Weaponry, Marine Corps

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Weaponry, Marine Corps. The Marine Corps from its beginnings was smaller in numbers than other services and was often thrown into action against larger forces. This fact led to a constant search for superior firepower. The result was adoption of more effective weapons ahead of both enemies and sister services.

During the Revolutionary War, the Continental Marines were armed with British and French muskets of the day. These were variations known as “sea service” models. They were shorter for use in tight spaces aboard ship and aloft, with brass fittings, and the barrel and lock were tin‐plated to resist corrosion from salt air and spray. Use of these arms continued well into the nineteenth century, with new developments such as percussion cap locks replacing flint ignition and rifled barrels replacing smoothbores. The Hall breech‐loading rifle was used in a 1832 campaign against pirates in Sumatra. Early models of Colt revolving rifles were used in the Seminole Wars of the 1830s.

During the Civil War, in addition to obsolete Springfield rifled muskets, Spencer seven‐shot repeating rifles (tin‐plated for sea service) were used, as well as single‐shot Sharps rifles. After the Civil War, many breech‐loading and repeating rifles were tried, including the Remington rolling block and the five‐shot Remington‐Lee bolt action; the army's single‐shot “trapdoor” Springfield was finally adopted. The multibarreled, hand‐cranked Gatling gun provided additional firepower during the 1870s to 1890s.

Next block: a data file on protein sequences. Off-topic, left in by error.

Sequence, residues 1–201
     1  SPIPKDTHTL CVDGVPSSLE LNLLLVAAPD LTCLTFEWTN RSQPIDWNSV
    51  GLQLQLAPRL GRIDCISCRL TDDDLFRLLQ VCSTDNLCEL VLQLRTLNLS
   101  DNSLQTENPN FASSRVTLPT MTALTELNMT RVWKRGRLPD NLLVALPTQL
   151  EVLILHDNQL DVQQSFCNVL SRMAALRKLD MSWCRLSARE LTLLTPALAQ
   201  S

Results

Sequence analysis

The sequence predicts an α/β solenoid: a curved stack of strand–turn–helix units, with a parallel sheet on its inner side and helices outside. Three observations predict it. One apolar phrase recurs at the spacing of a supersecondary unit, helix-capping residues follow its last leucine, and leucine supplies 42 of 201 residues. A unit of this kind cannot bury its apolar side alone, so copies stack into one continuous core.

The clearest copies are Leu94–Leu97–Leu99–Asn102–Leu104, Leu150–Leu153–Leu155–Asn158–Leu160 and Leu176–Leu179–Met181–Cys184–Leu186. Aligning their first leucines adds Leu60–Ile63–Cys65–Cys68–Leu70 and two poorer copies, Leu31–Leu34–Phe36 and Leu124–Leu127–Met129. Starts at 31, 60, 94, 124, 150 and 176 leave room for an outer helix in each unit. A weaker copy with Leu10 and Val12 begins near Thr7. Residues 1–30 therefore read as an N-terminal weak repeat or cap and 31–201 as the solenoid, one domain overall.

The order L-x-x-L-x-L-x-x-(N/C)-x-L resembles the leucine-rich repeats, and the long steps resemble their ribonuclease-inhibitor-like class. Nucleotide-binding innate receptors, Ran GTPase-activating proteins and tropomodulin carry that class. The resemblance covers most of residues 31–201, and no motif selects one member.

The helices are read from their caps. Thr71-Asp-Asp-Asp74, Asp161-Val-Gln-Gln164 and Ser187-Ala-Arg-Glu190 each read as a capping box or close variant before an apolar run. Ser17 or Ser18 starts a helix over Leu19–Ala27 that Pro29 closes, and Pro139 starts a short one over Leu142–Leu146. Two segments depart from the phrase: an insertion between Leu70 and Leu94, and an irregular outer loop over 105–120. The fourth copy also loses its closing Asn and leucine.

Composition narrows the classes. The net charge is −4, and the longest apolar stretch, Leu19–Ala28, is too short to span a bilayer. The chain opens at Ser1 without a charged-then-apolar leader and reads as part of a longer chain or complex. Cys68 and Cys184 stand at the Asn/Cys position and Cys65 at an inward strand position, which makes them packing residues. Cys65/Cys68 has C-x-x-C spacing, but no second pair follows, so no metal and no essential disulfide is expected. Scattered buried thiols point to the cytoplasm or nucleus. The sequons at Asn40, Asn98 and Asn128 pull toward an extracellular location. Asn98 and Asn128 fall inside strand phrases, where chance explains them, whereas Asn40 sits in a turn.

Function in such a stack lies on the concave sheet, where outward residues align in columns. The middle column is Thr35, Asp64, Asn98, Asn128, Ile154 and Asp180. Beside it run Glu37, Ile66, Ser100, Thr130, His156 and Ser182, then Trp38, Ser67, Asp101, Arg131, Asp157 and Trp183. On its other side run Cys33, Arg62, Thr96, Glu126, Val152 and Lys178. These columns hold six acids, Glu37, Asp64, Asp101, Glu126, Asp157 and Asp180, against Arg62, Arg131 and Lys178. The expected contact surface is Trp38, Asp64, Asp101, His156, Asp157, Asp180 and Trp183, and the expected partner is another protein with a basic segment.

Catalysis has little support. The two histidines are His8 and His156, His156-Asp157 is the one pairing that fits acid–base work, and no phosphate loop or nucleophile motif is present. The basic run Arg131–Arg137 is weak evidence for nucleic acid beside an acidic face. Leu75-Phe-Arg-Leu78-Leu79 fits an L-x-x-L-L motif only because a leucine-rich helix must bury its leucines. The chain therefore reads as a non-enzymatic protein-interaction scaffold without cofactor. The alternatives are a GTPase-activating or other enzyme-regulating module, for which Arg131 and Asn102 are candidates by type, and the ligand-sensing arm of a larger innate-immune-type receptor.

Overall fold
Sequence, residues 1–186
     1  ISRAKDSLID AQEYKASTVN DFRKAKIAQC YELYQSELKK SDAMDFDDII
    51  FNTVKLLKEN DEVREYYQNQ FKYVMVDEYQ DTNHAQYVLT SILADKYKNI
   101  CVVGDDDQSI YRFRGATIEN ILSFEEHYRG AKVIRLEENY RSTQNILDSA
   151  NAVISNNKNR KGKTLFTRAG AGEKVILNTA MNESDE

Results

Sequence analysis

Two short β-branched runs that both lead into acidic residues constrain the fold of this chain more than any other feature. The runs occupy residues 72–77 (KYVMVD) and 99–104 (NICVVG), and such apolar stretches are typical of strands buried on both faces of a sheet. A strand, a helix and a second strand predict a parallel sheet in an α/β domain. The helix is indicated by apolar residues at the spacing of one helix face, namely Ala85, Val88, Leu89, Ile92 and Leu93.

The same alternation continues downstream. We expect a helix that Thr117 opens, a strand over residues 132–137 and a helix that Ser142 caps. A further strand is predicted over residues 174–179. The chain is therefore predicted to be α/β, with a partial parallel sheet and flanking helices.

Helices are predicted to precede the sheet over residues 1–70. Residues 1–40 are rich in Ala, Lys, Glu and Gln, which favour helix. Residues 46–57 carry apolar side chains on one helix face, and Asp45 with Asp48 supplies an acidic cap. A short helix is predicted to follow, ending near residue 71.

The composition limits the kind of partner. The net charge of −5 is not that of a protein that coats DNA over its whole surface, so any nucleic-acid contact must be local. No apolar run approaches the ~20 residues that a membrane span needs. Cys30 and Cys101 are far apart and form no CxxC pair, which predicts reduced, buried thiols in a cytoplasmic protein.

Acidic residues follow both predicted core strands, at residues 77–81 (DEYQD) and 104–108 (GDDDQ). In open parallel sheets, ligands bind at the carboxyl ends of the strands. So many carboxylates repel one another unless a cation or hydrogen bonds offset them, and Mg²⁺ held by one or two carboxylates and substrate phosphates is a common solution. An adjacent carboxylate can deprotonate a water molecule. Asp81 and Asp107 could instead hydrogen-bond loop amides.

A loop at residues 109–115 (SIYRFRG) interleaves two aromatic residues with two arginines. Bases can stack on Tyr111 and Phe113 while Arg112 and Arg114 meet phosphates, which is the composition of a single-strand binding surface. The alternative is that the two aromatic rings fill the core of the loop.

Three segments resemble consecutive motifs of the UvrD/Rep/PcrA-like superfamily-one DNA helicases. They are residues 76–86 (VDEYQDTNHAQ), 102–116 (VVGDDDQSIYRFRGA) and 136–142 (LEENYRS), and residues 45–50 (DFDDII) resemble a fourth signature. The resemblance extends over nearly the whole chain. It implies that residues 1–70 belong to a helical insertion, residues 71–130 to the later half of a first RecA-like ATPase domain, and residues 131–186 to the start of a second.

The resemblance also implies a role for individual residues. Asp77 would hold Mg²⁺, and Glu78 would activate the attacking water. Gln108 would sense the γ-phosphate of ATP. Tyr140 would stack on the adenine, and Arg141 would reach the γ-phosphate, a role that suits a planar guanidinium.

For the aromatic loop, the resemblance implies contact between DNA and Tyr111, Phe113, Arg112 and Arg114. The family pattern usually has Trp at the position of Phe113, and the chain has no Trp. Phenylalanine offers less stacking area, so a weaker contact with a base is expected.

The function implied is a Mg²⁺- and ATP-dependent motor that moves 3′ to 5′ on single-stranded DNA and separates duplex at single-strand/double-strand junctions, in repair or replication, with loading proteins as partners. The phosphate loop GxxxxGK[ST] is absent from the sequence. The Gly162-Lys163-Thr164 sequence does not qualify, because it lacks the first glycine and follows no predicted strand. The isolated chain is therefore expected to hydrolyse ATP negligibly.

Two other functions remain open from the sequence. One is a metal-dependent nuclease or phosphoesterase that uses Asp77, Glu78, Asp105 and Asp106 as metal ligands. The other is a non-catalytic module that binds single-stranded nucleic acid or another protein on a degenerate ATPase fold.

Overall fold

The development in the 1880s of smokeless powder of greater power enabled the firing of smaller (6mm to 8mm or .24‐ to .31‐caliber) bullets at much higher velocities and thus greater ranges. The Marine Corps adopted the Winchester‐Lee “straight‐pull” five‐shot rifle and the Colt‐Browning machine gun in 1895, both firing 6mm cartridges. Marines fighting in the Spanish‐American War (1898) were armed with these weapons. In 1900, the accurate .30‐caliber Krag‐Jorgenson replaced the Winchester‐Lee. At this time, the Marine Corps began to stress rifle marksmanship. All Marines were expected to achieve a high order of skill, a policy that has continued to the present.

Marine aviators began training in 1911 on Curtiss pusher biplanes; by 1913, an aircraft unit with Curtiss seaplanes was integrated into the Advance Base Force as the first air‐ground team. Every overseas deployment since has been as an integrated ground and aviation team. In 1916, the Marines adopted the King armored car, armed with a light machine gun. The first of the armored vehicles adopted for regular service, it continued in use until 1921.

Marine rearmament began in the early twentieth century with the army M1903 .30‐caliber rifle replacing the Krag in 1912. In the constant search for superior firepower, the Benét‐Mercié light machine gun was adopted as the navy Mark II. The Lewis light machine gun, rejected by the army, was adopted by the Marines in 1916. When the Marines joined the U.S. Army's Second Division in France during World War I, they left their Lewis guns behind and were armed like the rest of the division with French Hotchkiss heavy machine guns and Chauchat light machine guns. After the armistice, these were replaced by the new Browning M1917 heavy machine gun and the M1918 Browning automatic rifle (BAR). The Brownings continued in use through the Korean War—one to three BARs in each squad.